The commercial sector faces a deep crisis due to coronavirus. Covid-19 has led to the closure of stores for many weeks and, once they reopen, their future in a context of economic crisis is uncertain. This new challenge comes at a time when the sector had not yet recovered from the last crash in Spanish real estate, which started in the third quarter of 2008, when the average prices of commercial property sales reached their peak and which last for five long years, according to data from the Brainsre big data real estate platform.
“From the moment before the explosion of the real estate bubble in 2008 until the end of the decline, the average price of commercial establishments decreased from €1,922/per square metre to €1,294/square metre, whereby losing 32.7% of their value; and the fall in prices lasted 5 years, from the third quarter of 2008 when prices reached their peak, to the third quarter of 2013 when they bottomed out”, says Laura López, Data Scientist at Brainsre.
From the lowest point reached during the previous crisis, the price of commercial establishments -be they on the high street or in shopping centres- has remained practically constant for the last 6 years, with a slight drop of just 1%. According to data from the College of Registrars, at the end of 2019, the average transaction price of commercial premises amounted to €1,277/square metre, well below the more than €1,900/square metre reached at the height of the boom.
“As we can see in the graph, there was a sharp initial drop in prices between the third quarter of 2008 and the fourth quarter of 2009, but the most notable drop occurred between the third quarter of 2010 and the third quarter of 2013. Prices were more stable in the following years with just slight ups and downs. It was not until 2018 when the lowest price of the last 15 years was recorded: €1,257/square metre”, says López.
By area, the autonomous regions with the highest average transaction values in the moments prior to the outbreak of the previous crisis were Madrid, where tenants paid an average of €3,310/m² for a store; País Vasco (€2,431/m²); the Balearic Islands (€2,228/m²); Cataluña (€2,211/m²) and the Canary Islands (€2,152/m²). All of these regions, with the exception of the País Vasco, reached their maximum prices between the third and fourth quarters of 2008. In the case of the País Vasco, prices peaked in the third quarter of 2010.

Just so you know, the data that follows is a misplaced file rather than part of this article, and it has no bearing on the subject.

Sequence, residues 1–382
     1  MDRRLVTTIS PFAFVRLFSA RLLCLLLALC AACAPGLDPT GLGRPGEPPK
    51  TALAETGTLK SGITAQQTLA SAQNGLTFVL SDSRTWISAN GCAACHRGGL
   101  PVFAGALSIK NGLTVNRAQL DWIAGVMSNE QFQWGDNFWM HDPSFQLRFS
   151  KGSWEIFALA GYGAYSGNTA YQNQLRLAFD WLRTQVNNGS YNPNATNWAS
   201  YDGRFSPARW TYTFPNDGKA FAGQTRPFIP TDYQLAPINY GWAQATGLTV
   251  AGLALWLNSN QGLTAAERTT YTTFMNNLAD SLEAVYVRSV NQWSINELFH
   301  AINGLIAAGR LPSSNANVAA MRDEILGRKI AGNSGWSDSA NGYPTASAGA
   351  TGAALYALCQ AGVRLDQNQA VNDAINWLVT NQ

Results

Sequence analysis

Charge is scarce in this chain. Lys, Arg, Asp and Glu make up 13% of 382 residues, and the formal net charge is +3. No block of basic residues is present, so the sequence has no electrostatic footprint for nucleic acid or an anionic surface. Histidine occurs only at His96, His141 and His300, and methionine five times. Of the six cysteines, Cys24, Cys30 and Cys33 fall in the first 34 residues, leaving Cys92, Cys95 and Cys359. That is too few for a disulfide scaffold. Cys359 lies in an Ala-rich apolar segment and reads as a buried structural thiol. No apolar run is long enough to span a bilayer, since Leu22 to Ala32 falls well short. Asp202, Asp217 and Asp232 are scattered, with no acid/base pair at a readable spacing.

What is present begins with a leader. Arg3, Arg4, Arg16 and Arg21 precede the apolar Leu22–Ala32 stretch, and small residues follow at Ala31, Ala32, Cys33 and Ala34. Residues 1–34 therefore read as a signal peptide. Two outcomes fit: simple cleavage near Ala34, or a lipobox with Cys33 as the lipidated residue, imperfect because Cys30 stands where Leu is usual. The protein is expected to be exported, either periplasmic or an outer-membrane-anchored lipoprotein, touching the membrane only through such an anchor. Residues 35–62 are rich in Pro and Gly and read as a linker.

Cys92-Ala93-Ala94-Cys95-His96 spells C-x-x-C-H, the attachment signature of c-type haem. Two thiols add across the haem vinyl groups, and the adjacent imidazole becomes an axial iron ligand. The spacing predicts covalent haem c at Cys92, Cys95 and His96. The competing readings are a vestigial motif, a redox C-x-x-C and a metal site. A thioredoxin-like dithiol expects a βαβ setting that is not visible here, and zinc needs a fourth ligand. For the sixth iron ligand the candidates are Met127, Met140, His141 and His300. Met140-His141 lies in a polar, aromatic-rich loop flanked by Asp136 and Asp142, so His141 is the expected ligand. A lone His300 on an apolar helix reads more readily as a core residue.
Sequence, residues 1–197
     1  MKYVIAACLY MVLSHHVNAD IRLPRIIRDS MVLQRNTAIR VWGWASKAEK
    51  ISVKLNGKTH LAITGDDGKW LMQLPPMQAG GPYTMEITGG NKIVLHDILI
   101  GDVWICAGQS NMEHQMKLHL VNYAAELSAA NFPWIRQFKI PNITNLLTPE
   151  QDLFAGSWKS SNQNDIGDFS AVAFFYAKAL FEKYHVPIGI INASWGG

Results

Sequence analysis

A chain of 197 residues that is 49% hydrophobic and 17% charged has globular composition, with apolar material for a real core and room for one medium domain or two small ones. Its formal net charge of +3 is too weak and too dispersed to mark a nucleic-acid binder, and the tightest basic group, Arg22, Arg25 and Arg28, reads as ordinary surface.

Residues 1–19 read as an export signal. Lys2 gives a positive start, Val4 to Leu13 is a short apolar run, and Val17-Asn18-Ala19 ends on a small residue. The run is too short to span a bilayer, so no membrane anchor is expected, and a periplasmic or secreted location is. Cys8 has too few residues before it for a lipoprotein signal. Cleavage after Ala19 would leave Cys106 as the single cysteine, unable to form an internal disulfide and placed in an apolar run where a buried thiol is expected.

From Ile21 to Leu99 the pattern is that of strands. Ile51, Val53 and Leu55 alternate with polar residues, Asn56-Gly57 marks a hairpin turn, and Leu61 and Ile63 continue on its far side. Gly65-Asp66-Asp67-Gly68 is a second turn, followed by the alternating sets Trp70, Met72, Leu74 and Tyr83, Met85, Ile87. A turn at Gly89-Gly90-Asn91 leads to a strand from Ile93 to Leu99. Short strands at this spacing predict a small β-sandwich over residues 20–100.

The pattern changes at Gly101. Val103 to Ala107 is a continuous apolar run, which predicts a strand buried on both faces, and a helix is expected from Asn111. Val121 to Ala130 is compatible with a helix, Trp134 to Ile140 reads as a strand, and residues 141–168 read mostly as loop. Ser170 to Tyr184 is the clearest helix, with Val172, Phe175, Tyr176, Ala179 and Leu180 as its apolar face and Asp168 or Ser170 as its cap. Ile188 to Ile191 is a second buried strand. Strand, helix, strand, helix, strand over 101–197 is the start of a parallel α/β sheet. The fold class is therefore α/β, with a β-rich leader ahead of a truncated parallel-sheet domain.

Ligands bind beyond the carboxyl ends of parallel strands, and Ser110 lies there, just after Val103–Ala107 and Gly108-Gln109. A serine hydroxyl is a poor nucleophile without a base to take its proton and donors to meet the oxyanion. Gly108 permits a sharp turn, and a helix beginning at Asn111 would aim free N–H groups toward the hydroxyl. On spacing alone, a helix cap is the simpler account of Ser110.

“Unlike other types of assets, in the case of retail, the regions with the most expensive products were not necessarily those that experienced the greatest falls. In this way, the Community of Madrid, a region with some of the highest prices, was the one that showed the largest range of prices between its minimum and maximum”, highlights the analyst from Brainsre.
At the end of 2019, commercial premises in almost all of the autonomous regions were very close to their lowest average values, although there were a few exceptions, such as the Canary Islands and Navarra, which had already recovered 26% and 20%, respectively, of the value lost during the crisis. Many regions were actually below the minimum values they registered during the crisis, since prices have continued to drop, albeit at a slower rate, in recent years. Such was the case of Galicia, Extremadura, Andalucía, Castilla y León, Aragón, Murcia, País Vasco and Cantabria.
The impact of the fall and recovery
As a consequence of the 2008 crisis, all regions experienced a drop of between 30% and 45% from the maximum values that they had reached. The regions that experienced the greatest drops in their average transaction prices were La Rioja, where the price of commercial premises fell by 45%; Aragon, with a decrease of 43%; Asturias, down by 42%; and the Community of Madrid, where commercial premises lost 41% of their value.
“La Rioja, which was the most affected region, went from having an average value of €1,470/m² in the first quarter of 2009, to €807/m² in the second quarter of 2015. Its prices then underwent various ups and downs over the following years to reach the current value of €893/m², which represents a recovery of 13% of the value lost during the crisis”, says Laura López. On the contrary, those that were less affected in terms of €/m², because the drops in value were less, were Andalucía (29.5%), Cantabria (29.8%), Galicia (30.8%) and País Vasco (30.9%). All of them reached their minimum levels during the crisis between 2013 and 2014 ”, she adds.
The regions that have recovered by the most following the last crash are the Canary Islands, whose commercial asset prices have increased by 26% in recent years; Navarra, which has recovered by 20%; La Rioja, up by 13%; the Balearic Islands (12%) and Asturias (also 12%). In the case of Cataluña and the Community of Madrid, commercial premises have only recovered 7% of their value, since their prices have been very stable since 2013.
“In Galicia, Extremadura, Andalucía, Castilla y León, Aragon, Murcia, the País Vasco and Cantabria, not only has there been no recovery in prices, but values have continued to decline following the crisis years, and so current values are actually even lower” .
The areas around Madrid are the most affected
By province, those that saw the greatest impact on the price of their commercial premises after the crisis were Ávila (68%), Guadalajara (66%), Huelva (62%) and Segovia (61%). “All of them, except for Huelva, share the feature that they are provinces that are closely linked to Madrid. In the case of the province of Huelva, its presence is exceptional amongst the most affected, since most of the regions in Andalucía were amongst those that suffered the lowest falls.